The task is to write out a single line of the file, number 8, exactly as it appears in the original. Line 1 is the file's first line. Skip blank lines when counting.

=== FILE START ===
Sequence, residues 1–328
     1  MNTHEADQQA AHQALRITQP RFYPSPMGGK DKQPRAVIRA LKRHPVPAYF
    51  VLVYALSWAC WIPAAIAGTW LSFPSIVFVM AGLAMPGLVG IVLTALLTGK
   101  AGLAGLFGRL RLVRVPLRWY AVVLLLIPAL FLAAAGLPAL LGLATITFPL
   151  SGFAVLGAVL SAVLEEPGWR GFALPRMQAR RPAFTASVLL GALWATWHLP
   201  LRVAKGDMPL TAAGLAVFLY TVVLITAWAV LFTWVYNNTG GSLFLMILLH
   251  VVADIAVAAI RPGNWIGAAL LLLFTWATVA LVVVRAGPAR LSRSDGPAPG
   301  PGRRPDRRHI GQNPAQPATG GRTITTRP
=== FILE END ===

   301  PGRRPDRRHI GQNPAQPATG GRTITTRP